As in many areas of financial services, some professionals in this area are more reputable than others. He suggests talking to a well-respected attorney in your community who handles business bankruptcies to see if he or she can recommend a good turnaround professional. The Turnaround Management Association, a nonprofit group with more than 9,000 members, is another potential source.

Having interviewed several entrepreneurs who have gone through a workout with a bank over the years, I can tell you that it was extremely stressful for many of them. The bank may play hardball. But in some cases, it may be worth enduring if you emerge with a much lower debt burden and can save your business. Good luck — and please check back in and let me know how you’re doing.

See related: Finding a free bankruptcy lawyer for business, consumer debt, If your company fails, your credit card rate can rise, Repayment, settlement, bankruptcy: Facing debt from failed business

Refinancing your mortgage to pay down a pricey business loanNo 2-in-1 card for tax-exempt organizationsDangers of putting business expenses on a personal cardFinanceDebt […]

Police: "Fit" thief sported surgical mask, scrubs to rob business


Houston police are asking for the public’s help to find a man they say donned a surgical mask, scrubs and a black baseball cap to rob a cash loan business at gunpoint in southwest Houston last December.

Police say the man walked into a cash loan business in the 8300 block of W. Bellfort around 11:45am on December 30, 2014, and held the clerk at gunpoint.

He escaped with money from the register.

Police say the suspect is a black male in his early 20’s. He approximately 5’6″-5’8″ tall and has a “fit” build.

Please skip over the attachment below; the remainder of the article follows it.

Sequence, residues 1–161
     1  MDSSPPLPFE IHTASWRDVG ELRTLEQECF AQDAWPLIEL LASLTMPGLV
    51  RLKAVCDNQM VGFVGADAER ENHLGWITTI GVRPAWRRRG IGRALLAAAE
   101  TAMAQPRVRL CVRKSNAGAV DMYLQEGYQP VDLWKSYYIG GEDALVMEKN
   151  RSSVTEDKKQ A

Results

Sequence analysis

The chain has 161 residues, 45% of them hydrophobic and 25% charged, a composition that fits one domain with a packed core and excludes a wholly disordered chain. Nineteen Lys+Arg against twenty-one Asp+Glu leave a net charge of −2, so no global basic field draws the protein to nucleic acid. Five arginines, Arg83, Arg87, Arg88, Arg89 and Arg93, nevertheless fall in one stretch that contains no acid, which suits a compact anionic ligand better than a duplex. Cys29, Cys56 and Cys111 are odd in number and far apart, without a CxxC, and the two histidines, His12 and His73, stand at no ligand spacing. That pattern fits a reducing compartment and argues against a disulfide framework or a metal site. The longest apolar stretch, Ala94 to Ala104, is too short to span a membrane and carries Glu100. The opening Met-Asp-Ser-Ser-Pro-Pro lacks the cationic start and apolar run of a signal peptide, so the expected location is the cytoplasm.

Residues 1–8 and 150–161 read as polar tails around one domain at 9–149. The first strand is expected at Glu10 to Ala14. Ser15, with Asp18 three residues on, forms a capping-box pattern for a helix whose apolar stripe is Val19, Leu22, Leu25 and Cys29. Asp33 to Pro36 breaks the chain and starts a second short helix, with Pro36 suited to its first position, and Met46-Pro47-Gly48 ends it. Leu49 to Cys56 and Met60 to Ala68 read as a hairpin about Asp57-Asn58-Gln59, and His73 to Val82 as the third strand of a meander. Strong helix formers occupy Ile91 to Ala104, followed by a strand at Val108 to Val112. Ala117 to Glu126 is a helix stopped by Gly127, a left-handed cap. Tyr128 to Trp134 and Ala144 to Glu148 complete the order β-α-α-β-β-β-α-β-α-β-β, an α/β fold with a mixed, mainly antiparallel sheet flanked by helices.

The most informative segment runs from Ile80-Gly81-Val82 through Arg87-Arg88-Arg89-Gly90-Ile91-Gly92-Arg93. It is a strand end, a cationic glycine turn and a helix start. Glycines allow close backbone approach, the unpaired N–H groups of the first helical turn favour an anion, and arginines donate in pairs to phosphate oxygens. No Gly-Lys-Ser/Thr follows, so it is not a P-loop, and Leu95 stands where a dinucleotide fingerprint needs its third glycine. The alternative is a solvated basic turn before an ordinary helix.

If you have any information about this crime, or any other felony crime, please call Crime Stoppers at 713-222-TIPS (8477). You may be eligible for a cash reward.

Map My News […]

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Tailor home loan rates

FALLING interest rates are causing a surge of activity as Mount Isa area residents are looking for ways to save more money on their home loan, says Yellow Brick Road Mount Isa branch principal Steve Williams.

The Reserve Bank kept the cash rate on hold in March following a significant rate cut in February, dropping the rate to a historic low of 2.25 per cent.

Mr Williams said his branch was urging Mount Isa residents to look beyond the cuts and pay attention to where their rate fitted in comparison to the rest of the market. ‘‘Getting an interest rate that’s among the most competitive on the market is one of the best ways to make your financial goals and dreams a reality.”

Steve Williams’ top 10 tips to spend less on your loan and more on your dreams